Over the years, I often wished I could have children, but I never wanted to trade Fred for someone else. I didn’t have children with him, but I did get the support I needed to pursue my writing and music, and I did become a stepmother to his three children. He loved me like no one had ever loved me. Those are important things, huge gifts. He gave me a wonderful life. There was no breach of promise with Fred. No surprise.
In reading comments from men and women who declare themselves childfree, I find that many would end a relationship if their loved one wanted children. To them, it is worse to be saddled with an unwanted child than to lose their partner or spouse. What if Fred had said, “You want babies, so we’re going to have to break up?” Or if I had said, “Sorry, I’m going to look for somebody else.” What a loss that would have been for both of us.
What if my first husband had been honest about not wanting children? Our relationship was always troubled. But would I have had the sense to go find someone else? I was only 20 when we met. My whole life could have been different. But I wouldn’t have met Fred.
We don’t know what this life is going to bring, but when God sends us someone wonderful, should we send them away?
I would love to hear your thoughts.

If you disagree about children, is your relationship doomed?

Is it possible for a relationship to work when one partner wants children and the other doesn’t? This is the question that is still resonating in my head days after I finished reading Kidfree & Lovin’ It (reviewed Jan. 2). The opinion of most of the people author Kaye D. Walters surveyed is that this is a deal-breaker, that compromise is impossible, that the relationship is doomed. They say it is better to break up than to have a child you don’t want—or force a child on someone who doesn’t want to have children. Don’t date, don’t marry, don’t pretend it’s okay; it won’t work.

Walters urges couples to think it through and be sure of what they want. “Don’t just end a perfectly good relationship without first examining your means and motivations on the kid issue.” She offers lists of reasons to procreate and suggests that some of them are pretty shaky and perhaps one might not be a good parent after all. But in the end, like the people she surveyed, she seems to lean toward ending the relationship.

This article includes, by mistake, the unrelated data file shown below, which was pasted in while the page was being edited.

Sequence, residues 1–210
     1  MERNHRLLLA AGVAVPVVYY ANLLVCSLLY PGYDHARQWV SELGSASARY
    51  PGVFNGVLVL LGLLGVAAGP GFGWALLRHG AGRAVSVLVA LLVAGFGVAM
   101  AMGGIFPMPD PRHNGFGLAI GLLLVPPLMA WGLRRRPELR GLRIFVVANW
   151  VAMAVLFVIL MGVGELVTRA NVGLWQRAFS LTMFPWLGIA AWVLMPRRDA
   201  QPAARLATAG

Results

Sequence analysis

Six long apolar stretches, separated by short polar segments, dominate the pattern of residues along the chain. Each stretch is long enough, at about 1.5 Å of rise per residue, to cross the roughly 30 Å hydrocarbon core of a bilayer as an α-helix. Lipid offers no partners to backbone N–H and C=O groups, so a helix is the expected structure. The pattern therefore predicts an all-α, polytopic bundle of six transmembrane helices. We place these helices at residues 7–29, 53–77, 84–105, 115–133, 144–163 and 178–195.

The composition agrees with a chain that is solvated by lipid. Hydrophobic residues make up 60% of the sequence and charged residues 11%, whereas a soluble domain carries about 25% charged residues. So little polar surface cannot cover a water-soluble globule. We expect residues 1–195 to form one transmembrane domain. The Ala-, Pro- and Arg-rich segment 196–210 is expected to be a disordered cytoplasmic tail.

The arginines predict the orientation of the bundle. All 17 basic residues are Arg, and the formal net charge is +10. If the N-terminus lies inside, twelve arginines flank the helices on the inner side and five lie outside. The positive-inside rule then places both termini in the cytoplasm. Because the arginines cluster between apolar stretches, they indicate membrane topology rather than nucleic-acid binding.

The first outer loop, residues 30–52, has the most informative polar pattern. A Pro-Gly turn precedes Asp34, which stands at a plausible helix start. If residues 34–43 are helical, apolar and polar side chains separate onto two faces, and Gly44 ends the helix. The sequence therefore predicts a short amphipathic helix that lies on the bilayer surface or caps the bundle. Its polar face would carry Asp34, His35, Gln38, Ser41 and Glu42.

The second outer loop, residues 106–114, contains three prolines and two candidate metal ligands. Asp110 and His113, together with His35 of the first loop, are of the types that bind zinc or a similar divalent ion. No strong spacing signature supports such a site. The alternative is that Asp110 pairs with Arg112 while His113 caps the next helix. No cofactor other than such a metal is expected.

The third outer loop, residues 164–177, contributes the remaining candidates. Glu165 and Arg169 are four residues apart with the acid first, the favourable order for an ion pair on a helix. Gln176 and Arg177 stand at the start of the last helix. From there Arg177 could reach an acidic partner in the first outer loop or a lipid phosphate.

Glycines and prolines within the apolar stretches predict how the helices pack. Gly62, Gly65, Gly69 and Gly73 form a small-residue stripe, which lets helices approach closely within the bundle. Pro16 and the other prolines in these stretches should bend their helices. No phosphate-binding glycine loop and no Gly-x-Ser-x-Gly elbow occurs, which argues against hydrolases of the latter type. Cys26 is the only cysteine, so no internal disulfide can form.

This issue is at the heart of my Childless by Marriage blog and book. It’s an issue that most books about childlessness (see my resource list) pay minimal attention to. But it’s a big one. If my first husband had been willing and ready to have children, I’d be a grandmother now. If my second had been willing to add more children to the three he already had and if he had not had a vasectomy, I’d have grown children and maybe grandchildren now. If I had dumped either one because I wanted to have children and they didn’t, my life would have been completely different.
I am childless because I married these men and stayed with them. The first marriage ended for other reasons, but the second husband was a keeper. We lasted three weeks shy of 26 years. If Fred hadn’t died, we’d still be together. He was the perfect mate for me in every other way. And maybe, if I truthfully answer all of Walters’ soul-searching questions, I would find I was too devoted to my career to add motherhood to the mix. I wanted children, and I wish I’d had them. BUT I loved Fred and knew I would never find a better husband. Should I have left him and hoped to find someone else, maybe someone not as good but who was willing to have babies with me? Am I a fool because I sacrificed motherhood for these men?
That’s the big question that many of the people who comment here are facing: stay with the partner or spouse who doesn’t want kids or try to find someone else? What do you think? Is a relationship doomed if you disagree on this issue? Is it all right to sacrifice something this big for the one you love? There are always compromises in a relationship. People give up their careers, move far away from home, or take care of disabled spouses, but is this too much to ask?
I really want to know what you think.